At some point, Kramer made a creative decision to have those cumbersome obligations intersect. Desperate to spread the word about the importance of registering as a bone-marrow donor — he estimates only 9 million people are registered — Kramer embarked on a four-event quest over the span of 8 months to raise awareness.
"It was just me in the beginning," he said. "All I had was a banner and some testing kits."
Kramer completed a marathon, two Ironman half-triathlons and a full Ironman triathlon. Eventually his effort gained steam, finally culminating last year when the Kramers incorporated their hard work into the non-profit Racing to Register.
Using endurance sports as a platform, Racing to Register aims to enlarge the pool of potential donors for blood cancer patients in need of lifesaving bone marrow or stem cells.
"We think that the endurance part — the reason we chose that platform — is that you have to have a lot of endurance to go through that kind of treatment," Kramer said. "There is that marriage there — if we can put ourselves through this, you can register."
Athletes that who join Team RTR complete the donor registration process and, in return, the program facilitates their endurance training through coaching, discounted gear and more.
While his wife's illness is what got him started, Kramer says the event has grown into something much bigger. With more than 2,100 registrants, RTR has produced four potential matches.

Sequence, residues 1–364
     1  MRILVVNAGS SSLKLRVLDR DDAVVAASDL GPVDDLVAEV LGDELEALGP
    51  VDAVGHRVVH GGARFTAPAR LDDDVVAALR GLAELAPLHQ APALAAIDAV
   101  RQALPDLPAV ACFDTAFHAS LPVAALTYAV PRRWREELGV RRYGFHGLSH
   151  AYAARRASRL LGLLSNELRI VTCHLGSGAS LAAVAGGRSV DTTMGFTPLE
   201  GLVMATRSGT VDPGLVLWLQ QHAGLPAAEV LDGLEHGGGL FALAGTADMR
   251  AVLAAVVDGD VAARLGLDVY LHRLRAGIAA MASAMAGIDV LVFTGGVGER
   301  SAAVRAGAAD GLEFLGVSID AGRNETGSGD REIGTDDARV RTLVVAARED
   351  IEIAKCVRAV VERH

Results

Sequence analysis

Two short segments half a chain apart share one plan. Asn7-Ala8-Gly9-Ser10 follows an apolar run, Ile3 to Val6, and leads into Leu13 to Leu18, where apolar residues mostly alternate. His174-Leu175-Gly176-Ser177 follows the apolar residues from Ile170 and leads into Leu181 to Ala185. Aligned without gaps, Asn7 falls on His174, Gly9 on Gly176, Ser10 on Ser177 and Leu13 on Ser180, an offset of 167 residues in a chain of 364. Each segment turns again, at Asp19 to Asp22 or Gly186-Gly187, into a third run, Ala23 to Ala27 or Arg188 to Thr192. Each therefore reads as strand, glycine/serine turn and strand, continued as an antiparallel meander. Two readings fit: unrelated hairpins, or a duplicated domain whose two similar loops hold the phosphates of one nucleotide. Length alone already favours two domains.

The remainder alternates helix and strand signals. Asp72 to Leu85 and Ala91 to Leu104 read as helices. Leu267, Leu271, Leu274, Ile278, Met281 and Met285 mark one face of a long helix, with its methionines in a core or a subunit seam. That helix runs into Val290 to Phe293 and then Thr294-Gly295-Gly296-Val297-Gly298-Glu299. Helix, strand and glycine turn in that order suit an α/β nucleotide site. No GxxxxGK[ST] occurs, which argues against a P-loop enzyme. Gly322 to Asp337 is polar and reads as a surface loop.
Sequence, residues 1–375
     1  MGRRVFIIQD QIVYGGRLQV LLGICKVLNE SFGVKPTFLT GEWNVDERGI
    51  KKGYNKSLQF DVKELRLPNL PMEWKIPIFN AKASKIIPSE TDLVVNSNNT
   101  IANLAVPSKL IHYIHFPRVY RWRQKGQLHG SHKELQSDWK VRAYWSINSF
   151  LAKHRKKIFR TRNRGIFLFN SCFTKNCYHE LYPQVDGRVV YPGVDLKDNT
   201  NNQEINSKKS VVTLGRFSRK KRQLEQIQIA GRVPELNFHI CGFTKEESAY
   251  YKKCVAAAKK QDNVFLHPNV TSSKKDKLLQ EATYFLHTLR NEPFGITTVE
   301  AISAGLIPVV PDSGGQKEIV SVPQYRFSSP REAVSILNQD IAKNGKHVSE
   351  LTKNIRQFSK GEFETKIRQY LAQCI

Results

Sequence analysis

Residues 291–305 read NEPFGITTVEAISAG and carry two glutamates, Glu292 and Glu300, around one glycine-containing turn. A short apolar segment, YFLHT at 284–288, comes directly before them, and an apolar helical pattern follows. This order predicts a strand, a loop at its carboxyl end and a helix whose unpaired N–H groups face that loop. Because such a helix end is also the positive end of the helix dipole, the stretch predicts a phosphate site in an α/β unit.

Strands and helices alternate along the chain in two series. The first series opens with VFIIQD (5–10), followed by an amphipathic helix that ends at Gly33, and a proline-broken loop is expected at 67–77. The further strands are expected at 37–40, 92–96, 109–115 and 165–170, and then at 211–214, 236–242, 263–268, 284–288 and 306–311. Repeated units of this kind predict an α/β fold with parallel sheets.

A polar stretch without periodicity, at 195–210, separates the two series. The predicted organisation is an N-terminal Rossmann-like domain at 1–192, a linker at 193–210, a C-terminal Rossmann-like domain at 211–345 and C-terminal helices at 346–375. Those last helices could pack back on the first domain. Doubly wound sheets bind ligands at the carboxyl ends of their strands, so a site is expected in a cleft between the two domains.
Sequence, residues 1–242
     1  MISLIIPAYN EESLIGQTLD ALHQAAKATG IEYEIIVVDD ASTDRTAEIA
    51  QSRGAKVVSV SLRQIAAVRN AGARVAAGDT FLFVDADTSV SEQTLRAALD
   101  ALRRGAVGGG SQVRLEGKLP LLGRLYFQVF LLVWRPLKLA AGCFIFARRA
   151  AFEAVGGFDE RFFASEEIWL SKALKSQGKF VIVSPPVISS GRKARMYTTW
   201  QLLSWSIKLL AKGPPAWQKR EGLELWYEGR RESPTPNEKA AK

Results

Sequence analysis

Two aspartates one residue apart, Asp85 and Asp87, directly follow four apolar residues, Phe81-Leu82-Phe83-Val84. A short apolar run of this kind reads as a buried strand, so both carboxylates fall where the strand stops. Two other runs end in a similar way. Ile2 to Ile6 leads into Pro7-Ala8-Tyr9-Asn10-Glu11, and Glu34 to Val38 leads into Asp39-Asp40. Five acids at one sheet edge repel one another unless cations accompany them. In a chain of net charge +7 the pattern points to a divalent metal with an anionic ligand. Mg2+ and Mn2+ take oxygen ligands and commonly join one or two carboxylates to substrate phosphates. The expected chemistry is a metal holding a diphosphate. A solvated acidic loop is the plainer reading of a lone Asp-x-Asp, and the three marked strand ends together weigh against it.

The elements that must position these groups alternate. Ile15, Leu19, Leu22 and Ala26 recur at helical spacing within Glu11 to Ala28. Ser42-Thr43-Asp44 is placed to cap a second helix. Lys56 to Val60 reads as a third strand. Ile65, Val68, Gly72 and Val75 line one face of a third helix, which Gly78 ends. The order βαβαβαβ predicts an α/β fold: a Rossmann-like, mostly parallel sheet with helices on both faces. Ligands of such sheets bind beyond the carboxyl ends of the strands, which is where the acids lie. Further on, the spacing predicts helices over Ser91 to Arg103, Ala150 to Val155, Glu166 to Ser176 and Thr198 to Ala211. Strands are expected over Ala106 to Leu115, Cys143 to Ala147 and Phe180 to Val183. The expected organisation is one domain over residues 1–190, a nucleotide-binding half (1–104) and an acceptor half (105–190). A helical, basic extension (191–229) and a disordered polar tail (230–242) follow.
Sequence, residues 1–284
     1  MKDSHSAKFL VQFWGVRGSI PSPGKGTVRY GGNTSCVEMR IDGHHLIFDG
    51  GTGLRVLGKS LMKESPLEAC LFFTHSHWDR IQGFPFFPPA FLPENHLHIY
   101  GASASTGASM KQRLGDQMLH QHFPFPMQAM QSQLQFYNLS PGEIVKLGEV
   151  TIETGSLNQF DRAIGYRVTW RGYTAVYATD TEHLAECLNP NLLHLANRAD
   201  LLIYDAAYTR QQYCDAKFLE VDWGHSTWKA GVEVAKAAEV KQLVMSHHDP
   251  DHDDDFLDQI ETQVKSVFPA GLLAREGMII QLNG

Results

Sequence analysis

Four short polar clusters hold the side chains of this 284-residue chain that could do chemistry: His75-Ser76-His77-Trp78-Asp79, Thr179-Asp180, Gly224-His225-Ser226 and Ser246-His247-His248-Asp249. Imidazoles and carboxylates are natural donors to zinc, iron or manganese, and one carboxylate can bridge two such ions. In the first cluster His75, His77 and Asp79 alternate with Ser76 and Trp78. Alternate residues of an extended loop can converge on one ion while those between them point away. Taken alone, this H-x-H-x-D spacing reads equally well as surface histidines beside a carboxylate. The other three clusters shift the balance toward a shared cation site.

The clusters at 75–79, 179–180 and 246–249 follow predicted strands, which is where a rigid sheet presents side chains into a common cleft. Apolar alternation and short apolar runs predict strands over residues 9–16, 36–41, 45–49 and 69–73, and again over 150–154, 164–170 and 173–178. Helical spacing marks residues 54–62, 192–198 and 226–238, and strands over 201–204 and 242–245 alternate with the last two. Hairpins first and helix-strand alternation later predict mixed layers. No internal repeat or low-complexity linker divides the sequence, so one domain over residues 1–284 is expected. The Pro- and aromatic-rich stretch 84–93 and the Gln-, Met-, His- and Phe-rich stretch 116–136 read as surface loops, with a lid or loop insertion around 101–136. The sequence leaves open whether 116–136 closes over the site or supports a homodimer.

"Pam was the initial catalyst," he said. But Racing to Register is far beyond Tom Kramer and his wife now. It's much deeper.
That hasn't limited Kramer's involvement. Kramer, a self-professed Type A personality, pumps his own money into the program and, despite his passion, for endurance competition — he has competed in more than 60 events from Hawaii to Paris — says that he races nowadays only if he can have a bone-marrow drive or can get some sort of promotion out of it for the non-profit.
But don't let that fool you into thinking that Kramer's competitiveness is waning. Saturday's race involves a 0.9K swim, a 24K bike and a 5K run — not exactly something someone can do on a whim.
"I'm not getting up at 4 in the morning to finish last, let's put it that way," Kramer said. "I'd like to get a top 10 in my age group, maybe even top six."
Drive and determination are two attributes that Kramer shares with his wife. He said that, at times against doctor's orders, Pam's diagnosis couldn't halt her training.
"She has never stopped," he said "Even when her hemoglobin was half of a normal person's, she was still doing triathlons. Whenever we do speaking, patient groups drop their jaw at that."
While Pam won't compete this weekend, she will be in attendance, helping to spread the word. Like husband, like wife.
To join Team RTR visit www.racingtoregister.com.
Contact Alex Lee at email@example.com.